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There are dozens upon dozens of effective leg exercises you can perform in the gym, but one stands above the rest -- the squat. No single exercise is more effective than this exercise for building the overall mass and shape of the legs. You see, the squat is a compound exercise that involves movement of the hip and knee, thus recruiting a large number of muscles. Since a multitude of muscles are at work, you are able to move a large workload during the motion. By doing so, you largely recruit the muscle fibers that grow the most, over time increasing their mass and bringing out the shape of your legs.
The squat is a movement in which you hold a resistance, typically on your upper back region, and lower the resistance by bending your hips and knees until your thighs are about parallel to the ground, and then return back up to the starting position. The muscles you work as a result of the hip movement are the gluteus maximus of the rear hips, adductor magnus of the inner thighs and, to a smaller degree, three of the four hamstrings muscles of the rear thighs. These three muscles are the biceps femoris long head, semitendinosus and semimembranosus. The muscles you work due to knee movement are the rectus femoris, vastus intermedius, vastus medialis and vastus lateralis. These four muscles are referred to collectively as the quadriceps and make up the largest portion of front thigh mass.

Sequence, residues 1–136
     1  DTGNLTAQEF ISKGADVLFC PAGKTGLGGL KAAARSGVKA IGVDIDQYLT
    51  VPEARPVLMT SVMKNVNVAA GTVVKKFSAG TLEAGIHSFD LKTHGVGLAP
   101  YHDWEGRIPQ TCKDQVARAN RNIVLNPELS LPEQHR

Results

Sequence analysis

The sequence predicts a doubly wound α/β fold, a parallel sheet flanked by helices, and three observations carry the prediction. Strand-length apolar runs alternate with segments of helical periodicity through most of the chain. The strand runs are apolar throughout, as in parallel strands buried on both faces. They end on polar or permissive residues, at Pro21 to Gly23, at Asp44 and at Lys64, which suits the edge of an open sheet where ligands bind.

The Different Squat Variations
The most popular form of the squat is called the rear squat. The term rear refers to the placement of the resistance, such as a barbell placed on your upper back region. The second most popular squat variation is the front squat, in which you place the resistance in front of your shoulders. Other squatting variations are the neutral squat (resistance by your sides), the overhead squat (resistance overhead) and the sumo squat (wide foot stance, resistance placement varies).
Due to the complexity of the squat as a result of multijoint movement, a lot of things can go wrong when you execute the motion. To minimize your risk of injury, there are three things you need to avoid doing. First, your back should never be rounded at any point during the motion to avoid injury to your spine. To ensure you maintain a straight-back position, isometrically contract your abs and erector spinae muscles. Another common mistake when squatting is the tendency to rise up on your toes. This causes your body to shift forward and could result in a forward collapse. To avoid this, keep your heels firmly on the ground at all times. The third mistake when squatting, and you may have heard this before, is restricting your knees behind your toes. This is a big no-no, as you should not be restricting your natural biomechanical motion. If your knees go past your toes when squatting and your heels are placed firmly on the ground, then don't worry, as this is normal.
Sets and Reps
To best increase the size of your legs, and thus bring out their shape, you should do three to five sets per exercise, and eight to 12 reps per set using the heaviest workload and best possible form. Do one to two squat exercises during your leg workouts, and then perform other effective leg exercises such as the lunge, leg press and leg curl.